Tom Sietsema reviews Barcelona Wine Bar & Restaurant on 14th Street NW

The restaurant makes a statement with its aesthetic, but smart diners will head to entrees.

Barcelona Wine Bar & Restaurant has some little problems. They’re the Spanish small plates called tapas. Few of them tempt a diner to return.

The 10-month-old establishment on 14th Street NW, one of nine branches from the Connecticut-based Barteca Restaurant Group, seems to be relying on its design to bring in the masses. Who can resist an outdoor court with a fire pit, and a dining room and bar that suggest an urban forest for all their wood, stone and light? The setup is so alluring that if you show up for dinner after 6 p.m. without a reservation, the keeper of the clipboard at the front door is apt to steer you to the bar after letting you know it might be an hour before she can seat you.

Bad news first: If you’re judging the tapas against Jaleo, Washington’s finest source, you’ll be sorely disappointed. At Barcelona, the meatballs are dense, their tomato sauce less than the advertised “zesty.” Fried calamari is stiff enough to suggest starch was applied in the kitchen. Chicken liver pâté isn’t especially Spanish or particularly good; the spread, topped with clarified butter, leaves a slick of flat richness on the tongue. Even a notion as basic as chopped beets and crumbled cheese falls flat. If there’s a dressing on the salad, it eluded me.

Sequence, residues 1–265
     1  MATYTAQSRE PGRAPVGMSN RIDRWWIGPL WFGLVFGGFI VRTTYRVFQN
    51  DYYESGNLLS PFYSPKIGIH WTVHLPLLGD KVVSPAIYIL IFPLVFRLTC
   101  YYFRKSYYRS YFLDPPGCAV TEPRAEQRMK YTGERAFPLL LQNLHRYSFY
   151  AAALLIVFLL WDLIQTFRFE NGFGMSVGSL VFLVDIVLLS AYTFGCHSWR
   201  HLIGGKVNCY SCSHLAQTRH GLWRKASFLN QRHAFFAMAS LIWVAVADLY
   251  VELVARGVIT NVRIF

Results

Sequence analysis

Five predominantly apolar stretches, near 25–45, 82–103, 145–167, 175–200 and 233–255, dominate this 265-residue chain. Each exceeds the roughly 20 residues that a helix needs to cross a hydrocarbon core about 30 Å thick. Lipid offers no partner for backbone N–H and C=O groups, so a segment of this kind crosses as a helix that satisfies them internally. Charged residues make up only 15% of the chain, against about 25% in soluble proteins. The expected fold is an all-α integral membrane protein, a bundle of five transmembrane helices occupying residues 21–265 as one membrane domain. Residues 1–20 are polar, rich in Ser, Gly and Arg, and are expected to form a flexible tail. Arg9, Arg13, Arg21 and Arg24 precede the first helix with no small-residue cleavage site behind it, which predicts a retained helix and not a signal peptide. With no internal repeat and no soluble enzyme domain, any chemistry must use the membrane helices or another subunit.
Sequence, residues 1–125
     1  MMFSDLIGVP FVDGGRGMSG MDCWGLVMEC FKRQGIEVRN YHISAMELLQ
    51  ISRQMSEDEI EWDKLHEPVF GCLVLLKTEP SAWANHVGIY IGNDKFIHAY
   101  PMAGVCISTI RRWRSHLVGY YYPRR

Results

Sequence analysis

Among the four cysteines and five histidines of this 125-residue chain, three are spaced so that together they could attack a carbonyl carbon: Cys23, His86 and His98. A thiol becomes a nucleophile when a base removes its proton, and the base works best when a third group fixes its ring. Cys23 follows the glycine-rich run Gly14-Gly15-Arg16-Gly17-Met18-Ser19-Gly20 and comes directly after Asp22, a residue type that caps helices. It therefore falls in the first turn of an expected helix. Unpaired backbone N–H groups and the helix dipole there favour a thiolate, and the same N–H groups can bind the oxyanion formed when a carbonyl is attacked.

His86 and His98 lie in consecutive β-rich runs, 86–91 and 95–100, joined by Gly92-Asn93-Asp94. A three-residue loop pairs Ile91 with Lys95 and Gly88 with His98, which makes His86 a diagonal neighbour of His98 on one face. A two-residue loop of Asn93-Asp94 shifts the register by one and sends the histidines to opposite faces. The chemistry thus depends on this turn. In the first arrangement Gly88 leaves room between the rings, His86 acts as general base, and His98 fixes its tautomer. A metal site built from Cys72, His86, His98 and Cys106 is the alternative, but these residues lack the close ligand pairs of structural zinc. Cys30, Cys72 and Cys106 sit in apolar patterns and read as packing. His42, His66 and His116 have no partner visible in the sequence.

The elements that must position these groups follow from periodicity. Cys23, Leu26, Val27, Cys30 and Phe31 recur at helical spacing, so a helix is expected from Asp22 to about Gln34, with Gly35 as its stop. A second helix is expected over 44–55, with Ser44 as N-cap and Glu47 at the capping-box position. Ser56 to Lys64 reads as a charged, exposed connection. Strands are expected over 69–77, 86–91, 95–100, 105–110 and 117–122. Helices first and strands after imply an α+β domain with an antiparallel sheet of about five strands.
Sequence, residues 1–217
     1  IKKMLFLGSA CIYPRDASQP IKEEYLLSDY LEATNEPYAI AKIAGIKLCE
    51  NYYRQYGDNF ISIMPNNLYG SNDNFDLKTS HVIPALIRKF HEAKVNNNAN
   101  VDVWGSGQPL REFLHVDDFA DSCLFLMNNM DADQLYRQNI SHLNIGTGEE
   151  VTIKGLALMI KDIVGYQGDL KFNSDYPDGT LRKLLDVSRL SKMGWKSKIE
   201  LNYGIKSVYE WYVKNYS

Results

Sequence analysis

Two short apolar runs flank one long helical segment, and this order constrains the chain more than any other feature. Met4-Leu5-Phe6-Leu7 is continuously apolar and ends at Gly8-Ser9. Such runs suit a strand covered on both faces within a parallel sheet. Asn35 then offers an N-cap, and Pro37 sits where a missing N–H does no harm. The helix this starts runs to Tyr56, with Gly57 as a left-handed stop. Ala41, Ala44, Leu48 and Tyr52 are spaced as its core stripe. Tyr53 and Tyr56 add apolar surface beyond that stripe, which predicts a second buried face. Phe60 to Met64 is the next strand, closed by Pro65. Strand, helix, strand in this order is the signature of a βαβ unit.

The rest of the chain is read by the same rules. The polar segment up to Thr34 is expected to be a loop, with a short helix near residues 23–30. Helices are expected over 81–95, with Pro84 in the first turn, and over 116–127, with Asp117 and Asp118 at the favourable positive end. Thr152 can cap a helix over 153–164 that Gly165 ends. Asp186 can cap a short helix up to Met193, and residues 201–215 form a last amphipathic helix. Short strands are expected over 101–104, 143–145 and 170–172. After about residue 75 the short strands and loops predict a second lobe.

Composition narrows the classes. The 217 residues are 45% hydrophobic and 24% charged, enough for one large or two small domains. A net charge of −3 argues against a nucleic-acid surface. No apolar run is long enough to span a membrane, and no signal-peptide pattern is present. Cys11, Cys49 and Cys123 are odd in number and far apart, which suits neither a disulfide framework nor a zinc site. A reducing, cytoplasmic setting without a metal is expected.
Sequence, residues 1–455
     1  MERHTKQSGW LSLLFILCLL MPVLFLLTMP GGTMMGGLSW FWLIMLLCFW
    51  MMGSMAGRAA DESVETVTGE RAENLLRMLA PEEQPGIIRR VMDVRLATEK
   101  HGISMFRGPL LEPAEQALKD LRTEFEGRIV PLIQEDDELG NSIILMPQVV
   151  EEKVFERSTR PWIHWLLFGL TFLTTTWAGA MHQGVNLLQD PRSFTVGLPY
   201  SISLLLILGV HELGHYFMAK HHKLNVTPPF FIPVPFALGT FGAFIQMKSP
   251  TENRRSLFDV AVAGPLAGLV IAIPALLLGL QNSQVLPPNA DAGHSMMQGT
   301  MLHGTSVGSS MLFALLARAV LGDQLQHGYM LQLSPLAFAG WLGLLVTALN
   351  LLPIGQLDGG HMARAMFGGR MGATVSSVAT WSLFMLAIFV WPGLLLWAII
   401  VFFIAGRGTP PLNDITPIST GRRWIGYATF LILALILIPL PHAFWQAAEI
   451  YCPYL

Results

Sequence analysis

Glazed duck drumettes, anyone? Decline the offer unless you dig fowl so sweet it edges into the realm of dessert. Caponata is also more sweet than sour. Worse, the eggplant dish manages to taste as if it came out of a can.

The comparison between good and not-good among Washington tapas extends to variety: Jaleo seduces with more than 70 options; Barcelona counts just more than 30.

During one meal, a manager drops by to check on us and to humblebrag about how lead employees get to fly to Barcelona to check out the genuine article. It’s hard to imagine her returning from the ad­ven­ture and not feeling underwhelmed by the tapas she’s helping ferry to her customers.